[i]"Self-optimising code to do things like picking pathways, and navigating to local minima of solutions, eg the sensor calibration problem, are probably possible, but it still seems to me you might as well do that with the power of a PC, then run the optimized code in an AVR ( or any other micro, for that matter ). Fast and powerful as AVRs ( and I include Xmegas ) are, they are still several orders of magnitude slower and less capable than a PC. "[/i]

My opinion here is that in many cases it is NOT the lack of CPU power that limits the use of AI. It is rather the time it takes to see what happens after a parameter change. When you apply a parameter change to a child. (You instruct him) It often takes days before you can observe the effect.
In many physical processes you find the same limitation.
You let the AVR spend 1 second to calculate a new set of parameters for the ships Autopilot, but then must wait 25 seconds before this heavy boat respond to the change. A 3GHz PC would NOT help in this case...

/Per
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six1

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PostPosted: Tue Dec 28, 2010 4:32 pm    Post subject: Reply with quote

you're talking about intelligent. so what is intelligent?

Scientists have found that man has made decisions before he starts to think about deliberately.

So explain me intelligent...

Humans had and have always one Problem: They think about it and will never reach the core, because they don't realy understand. All the way it's a little bit like trial and error.
Trial and Error is the only way in time for Humans to discover... and this is the way i'm learning Laughing

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hgrueneis

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PostPosted: Tue Dec 28, 2010 5:52 pm    Post subject: Reply with quote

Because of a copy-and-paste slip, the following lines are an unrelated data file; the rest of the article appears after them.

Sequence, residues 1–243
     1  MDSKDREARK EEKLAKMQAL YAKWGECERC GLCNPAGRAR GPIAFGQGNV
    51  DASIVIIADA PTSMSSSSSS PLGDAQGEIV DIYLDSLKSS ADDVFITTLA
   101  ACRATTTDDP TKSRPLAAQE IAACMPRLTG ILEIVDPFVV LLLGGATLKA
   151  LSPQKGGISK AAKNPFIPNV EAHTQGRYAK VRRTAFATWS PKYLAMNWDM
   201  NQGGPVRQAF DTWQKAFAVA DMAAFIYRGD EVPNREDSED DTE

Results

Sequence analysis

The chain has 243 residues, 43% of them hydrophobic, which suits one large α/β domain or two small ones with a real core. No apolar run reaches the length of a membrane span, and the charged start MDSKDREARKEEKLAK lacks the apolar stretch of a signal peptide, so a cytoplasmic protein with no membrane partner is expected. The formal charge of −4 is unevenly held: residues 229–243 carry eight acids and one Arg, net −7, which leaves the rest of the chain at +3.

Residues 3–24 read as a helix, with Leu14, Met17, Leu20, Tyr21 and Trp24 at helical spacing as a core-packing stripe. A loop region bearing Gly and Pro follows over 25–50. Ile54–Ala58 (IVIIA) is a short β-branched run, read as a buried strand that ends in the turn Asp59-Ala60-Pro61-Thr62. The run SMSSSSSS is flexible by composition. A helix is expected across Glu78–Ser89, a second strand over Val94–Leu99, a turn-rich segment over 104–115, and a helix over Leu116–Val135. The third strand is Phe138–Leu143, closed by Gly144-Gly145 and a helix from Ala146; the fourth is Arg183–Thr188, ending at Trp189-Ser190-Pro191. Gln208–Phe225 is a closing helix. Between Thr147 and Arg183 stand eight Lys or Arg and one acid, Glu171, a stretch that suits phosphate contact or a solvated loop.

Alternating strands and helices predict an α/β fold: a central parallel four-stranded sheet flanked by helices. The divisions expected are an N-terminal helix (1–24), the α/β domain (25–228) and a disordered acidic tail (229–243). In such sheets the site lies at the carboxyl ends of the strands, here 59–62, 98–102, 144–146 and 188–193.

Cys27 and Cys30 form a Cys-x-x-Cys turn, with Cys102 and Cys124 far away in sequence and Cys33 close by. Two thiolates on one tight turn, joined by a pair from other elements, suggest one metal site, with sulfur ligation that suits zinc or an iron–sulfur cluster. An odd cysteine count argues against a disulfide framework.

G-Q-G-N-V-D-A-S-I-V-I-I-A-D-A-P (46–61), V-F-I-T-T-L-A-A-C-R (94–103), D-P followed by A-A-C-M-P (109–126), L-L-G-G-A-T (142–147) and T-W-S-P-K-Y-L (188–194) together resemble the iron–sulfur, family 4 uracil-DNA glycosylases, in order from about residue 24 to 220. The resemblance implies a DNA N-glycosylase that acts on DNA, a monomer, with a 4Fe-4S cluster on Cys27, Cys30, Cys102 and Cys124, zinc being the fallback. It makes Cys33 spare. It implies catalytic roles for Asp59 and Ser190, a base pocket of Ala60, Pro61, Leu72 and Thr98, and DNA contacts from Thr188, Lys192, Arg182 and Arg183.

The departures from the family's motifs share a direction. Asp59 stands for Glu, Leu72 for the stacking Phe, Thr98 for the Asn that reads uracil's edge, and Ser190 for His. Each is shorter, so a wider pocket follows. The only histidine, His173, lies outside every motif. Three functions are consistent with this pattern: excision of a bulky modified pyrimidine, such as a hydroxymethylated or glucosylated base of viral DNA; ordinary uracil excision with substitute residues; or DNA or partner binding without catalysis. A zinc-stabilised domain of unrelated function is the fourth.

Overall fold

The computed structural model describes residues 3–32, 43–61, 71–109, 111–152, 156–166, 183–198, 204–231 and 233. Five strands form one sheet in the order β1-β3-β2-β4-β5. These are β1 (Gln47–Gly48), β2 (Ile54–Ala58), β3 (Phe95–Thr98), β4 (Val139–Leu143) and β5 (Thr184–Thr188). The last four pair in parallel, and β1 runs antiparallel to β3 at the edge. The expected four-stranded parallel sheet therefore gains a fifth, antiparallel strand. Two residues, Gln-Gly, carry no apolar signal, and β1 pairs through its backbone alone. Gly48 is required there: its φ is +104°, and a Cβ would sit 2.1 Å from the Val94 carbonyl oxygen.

six1 wrote: you're talking about intelligent. so what is intelligent?

Intelligence is the ability to use the available knowledge to solve a task.
Knowledge by itself is not intelligence. Most intelligence tests are actually for the most part useless.
I know academics personaly who are by no means intelligent, they for the most part studied everything and recall from memory. If you present them with a problem you will get no intelligent answer.
Many people have a lot of stored information in their brains but lack the ability to logically combine it to come to an intelligent solution.
Most of todays generation is not thought to solve problems, they are given the solutions in school. "Memorize this because it will be in the test!"
Conclusion: Memory is not intelligence, the first sentence applies.
Dumb example: It is green, has sticks, comes out of the ground so it must be a plant. This might be called an intelligent (or not so...) statement.
The so called intelligent solution always depends on the number of variables and their relative weight in the process. The more known variables you have, the more things or processes you can identify and solve.
Does that answer the question? (at least partialy?)
Hubert
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luizabbadia

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PostPosted: Tue Dec 28, 2010 6:29 pm    Post subject: Reply with quote

@ Per Svensson:
My friend I think you are doing right ,bringing new topics to this wonderful forum.
In my case , I donīt have a 8051 processor thatīs why I donīt read the 8051 forum topic but that doesnīt mean that the 8051 topic is not important , for many other people it is.
The best reasons I found to expect your topic come alive one day can be listed bellow:

1- I would like to know about and try in my spare time.
2-If I , by any chance, loose my time because of hardware limitations,or anything else , reaching nowhere with this , well...this is exactly were I am now, so I would loose nothing.
3- Remember NASA president talk " If we had mediocre plans we would only achieve mediocre results " , so letīs rock.
.
.
.
n - One cientist asked Faraday when he discovered electricity "For what does electricity serve for?" his reply was " For what does a newly born child serve for? "

So , please go on with your ideas , bring your knowledge , and thank you .
Ah! Happy New Year for all !!!!!! Very Happy